The number of dangerous consumer products withdrawn from the EU market rose by 16% in 2008 compared to in 2007, the Commission’s annual report on the Community rapid alert system for non-food dangerous products (“RAPEX”) reveals today. This rise from 1 605 notifications in 2007 to 1 866 last year shows that the capacity of the RAPEX system has substantially increased again in 2008, following a substantial investment of resources and training by the European Commission and Member States. European businesses in the consumer product safety area are also taking their responsibilities more seriously and recall their unsafe products from the market more readily. Toys with childcare articles (such as bicycles, baby walkers, cots and soothers), electrical products and motor vehicles were the most frequently notified products in 2008. The number of notifications on products of Chinese origin sent through RAPEX increased (from 52% in 2007 to 59% in 2008). This must be seen as a consequence of the focus of market surveillance authorities on product categories known to be of higher risk.
Consumer Commissioner Meglena Kuneva said:
“This report sends a very clear message that there is no room for complacency when it comes to safety. The biggest challenge for 2009 is to make sure that product safety is not set aside during this period of economic crisis, that business continues to respect their duties toward consumers and that Member States allocate sufficient resources to enforcement. Safety is not a luxury. This report sets out clearly the significant challenges we face and sends a clear signal that there is no place for cost cutting or cutting corners when it comes to safety. On the contrary, in times of economic crisis when price becomes a very prominent factor in consumer spending, we need to step up our efforts and keep our vigilance especially high.”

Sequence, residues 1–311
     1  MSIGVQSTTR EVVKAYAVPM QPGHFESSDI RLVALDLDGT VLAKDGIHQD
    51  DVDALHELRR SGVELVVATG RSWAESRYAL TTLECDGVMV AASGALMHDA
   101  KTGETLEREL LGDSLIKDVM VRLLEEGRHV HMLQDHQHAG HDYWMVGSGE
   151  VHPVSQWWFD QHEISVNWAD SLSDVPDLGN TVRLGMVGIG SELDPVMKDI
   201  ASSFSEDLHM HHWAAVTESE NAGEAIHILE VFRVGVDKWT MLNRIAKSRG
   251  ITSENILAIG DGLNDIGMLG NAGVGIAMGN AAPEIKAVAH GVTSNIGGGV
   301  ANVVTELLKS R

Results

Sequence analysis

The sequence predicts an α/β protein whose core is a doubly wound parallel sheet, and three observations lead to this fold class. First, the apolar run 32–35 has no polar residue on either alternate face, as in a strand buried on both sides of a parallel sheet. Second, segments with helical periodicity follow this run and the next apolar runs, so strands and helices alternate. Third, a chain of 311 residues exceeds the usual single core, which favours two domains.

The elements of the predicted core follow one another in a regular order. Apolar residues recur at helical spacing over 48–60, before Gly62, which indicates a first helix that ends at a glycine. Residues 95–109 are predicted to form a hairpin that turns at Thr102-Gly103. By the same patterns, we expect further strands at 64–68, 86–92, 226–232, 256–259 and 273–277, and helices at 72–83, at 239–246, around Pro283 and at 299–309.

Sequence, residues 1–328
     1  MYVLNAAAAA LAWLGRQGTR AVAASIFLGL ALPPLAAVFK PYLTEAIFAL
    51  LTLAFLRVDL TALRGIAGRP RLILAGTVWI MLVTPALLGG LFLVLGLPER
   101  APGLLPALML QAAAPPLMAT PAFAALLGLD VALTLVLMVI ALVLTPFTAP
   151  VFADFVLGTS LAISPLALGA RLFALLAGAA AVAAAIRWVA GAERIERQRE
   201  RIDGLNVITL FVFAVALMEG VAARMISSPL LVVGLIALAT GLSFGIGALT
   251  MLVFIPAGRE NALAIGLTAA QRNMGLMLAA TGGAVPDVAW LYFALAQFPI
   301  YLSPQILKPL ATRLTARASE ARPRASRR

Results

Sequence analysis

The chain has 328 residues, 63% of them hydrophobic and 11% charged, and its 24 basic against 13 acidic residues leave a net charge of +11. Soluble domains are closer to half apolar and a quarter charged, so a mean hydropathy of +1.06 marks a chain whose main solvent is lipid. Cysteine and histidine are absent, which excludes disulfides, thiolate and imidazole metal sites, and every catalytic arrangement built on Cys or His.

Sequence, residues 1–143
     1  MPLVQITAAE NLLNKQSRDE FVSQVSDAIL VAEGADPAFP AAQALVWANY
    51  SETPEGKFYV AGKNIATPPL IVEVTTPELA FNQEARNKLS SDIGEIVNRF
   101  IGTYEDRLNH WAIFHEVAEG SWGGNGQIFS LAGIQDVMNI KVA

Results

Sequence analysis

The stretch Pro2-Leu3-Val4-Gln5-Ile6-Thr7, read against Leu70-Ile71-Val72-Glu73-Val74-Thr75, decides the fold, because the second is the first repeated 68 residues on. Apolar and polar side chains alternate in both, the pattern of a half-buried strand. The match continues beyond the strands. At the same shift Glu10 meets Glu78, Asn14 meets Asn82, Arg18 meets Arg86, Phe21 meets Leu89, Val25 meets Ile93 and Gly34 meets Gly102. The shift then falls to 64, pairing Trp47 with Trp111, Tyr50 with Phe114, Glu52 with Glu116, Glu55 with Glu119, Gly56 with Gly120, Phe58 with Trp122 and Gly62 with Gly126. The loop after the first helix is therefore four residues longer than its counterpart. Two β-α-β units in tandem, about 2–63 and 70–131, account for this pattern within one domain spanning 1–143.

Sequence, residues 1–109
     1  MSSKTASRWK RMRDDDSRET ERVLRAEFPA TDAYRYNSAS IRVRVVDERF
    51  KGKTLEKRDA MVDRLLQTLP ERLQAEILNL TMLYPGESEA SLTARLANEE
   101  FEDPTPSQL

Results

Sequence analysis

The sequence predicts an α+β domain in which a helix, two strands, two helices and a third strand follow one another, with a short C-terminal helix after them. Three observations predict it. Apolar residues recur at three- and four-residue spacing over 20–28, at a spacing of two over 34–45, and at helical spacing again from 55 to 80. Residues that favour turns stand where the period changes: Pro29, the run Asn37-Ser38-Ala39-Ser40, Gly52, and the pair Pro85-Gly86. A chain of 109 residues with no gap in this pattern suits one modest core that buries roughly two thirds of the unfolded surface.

Number of notified dangerous products still growing
The total number of notifications distributed through the RAPEX system has risen gradually since 2004 (when the General Product Safety Directive, was transposed into the national laws by Member States). In this fifth year, the number of notifications has quadrupled from 468 (in 2004) to 1866 (in 2008). In 2008, the number of notifications rose by 16% compared to 2007. The growth in RAPEX notifications, and the increased capacity of the system, is a result of more effective product safety enforcement by national authorities, greater investment of resources greater awareness amongst businesses of their obligations, enhanced cooperation with third countries, and network-building actions and training across MS coordinated by the European Commission.
All countries contribute to RAPEX
All EU countries participated in the RAPEX system by detecting and notifying new dangerous products and ensuring appropriate follow-up actions to the information received. Twelve countries further increased their activities in the system and notified more dangerous products than in 2007. The countries making most notifications were Germany (205 notifications), Spain (163 notifications), Slovakia (140 notifications), Greece (132 notifications) and Hungary (129 notifications). Notifications sent by these countries represent 50% of all notifications on products posing a serious risk sent via the system.
Toys, electrical appliances and motor vehicles top the list
Toys (498 notifications), electrical appliances (169 notifications) and motor vehicles (160 notifications) alone accounted for 53% of all notifications on products posing a serious risk in 2008. These results are in line with the RAPEX results from 2007. Textile products including clothing (with 140 notifications) became in 2008 the fourth most frequently notified – via RAPEX – category of product.
Increase in the number of notifications on products of the Chinese origin
In total, 909 notifications on products posing a serious risk sent through the RAPEX system in 2008 concerned products manufactured in China. The number of products of Chinese origin notified via RAPEX increased in 2008 to 59% from 52% in 2007. The growing tendency should be seen in the context of a number of factors, such as: increasing imports of goods to the EU from China, focus of enforcement actions taken at the national level on products of Chinese origin, more effective cooperation between the EU and China.
The report shows that Chinese authorities increasingly adopt restrictive measures on their market, on the basis of the RAPEX information provided through the “RAPEX-CHINA” application (established in September 2006). Corrective measures taken by the Chinese authorities are communicated to the Commission on the basis of a system of quarterly reporting introduced in 2007. Since the establishment of the application, AQSIQ has investigated 669 RAPEX notifications. In 352 cases (53%) investigations resulted in preventive or restrictive measures (e.g. export ban/stop, strengthen supervision over the Chinese manufacturer/exporter) being adopted either by AQSIQ or voluntarily by the Chinese manufacturer/exporter.
For more information, see: MEMO/09/167